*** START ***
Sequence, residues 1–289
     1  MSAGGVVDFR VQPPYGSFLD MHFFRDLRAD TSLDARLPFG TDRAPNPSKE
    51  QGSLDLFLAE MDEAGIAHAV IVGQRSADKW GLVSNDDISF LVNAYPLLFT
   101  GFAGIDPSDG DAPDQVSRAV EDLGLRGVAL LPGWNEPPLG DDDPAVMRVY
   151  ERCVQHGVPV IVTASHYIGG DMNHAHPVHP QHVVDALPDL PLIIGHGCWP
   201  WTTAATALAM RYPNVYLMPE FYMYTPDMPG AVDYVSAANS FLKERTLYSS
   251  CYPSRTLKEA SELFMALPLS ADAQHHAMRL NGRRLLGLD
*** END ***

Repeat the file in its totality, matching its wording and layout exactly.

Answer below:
Sequence, residues 1–289
     1  MSAGGVVDFR VQPPYGSFLD MHFFRDLRAD TSLDARLPFG TDRAPNPSKE
    51  QGSLDLFLAE MDEAGIAHAV IVGQRSADKW GLVSNDDISF LVNAYPLLFT
   101  GFAGIDPSDG DAPDQVSRAV EDLGLRGVAL LPGWNEPPLG DDDPAVMRVY
   151  ERCVQHGVPV IVTASHYIGG DMNHAHPVHP QHVVDALPDL PLIIGHGCWP
   201  WTTAATALAM RYPNVYLMPE FYMYTPDMPG AVDYVSAANS FLKERTLYSS
   251  CYPSRTLKEA SELFMALPLS ADAQHHAMRL NGRRLLGLD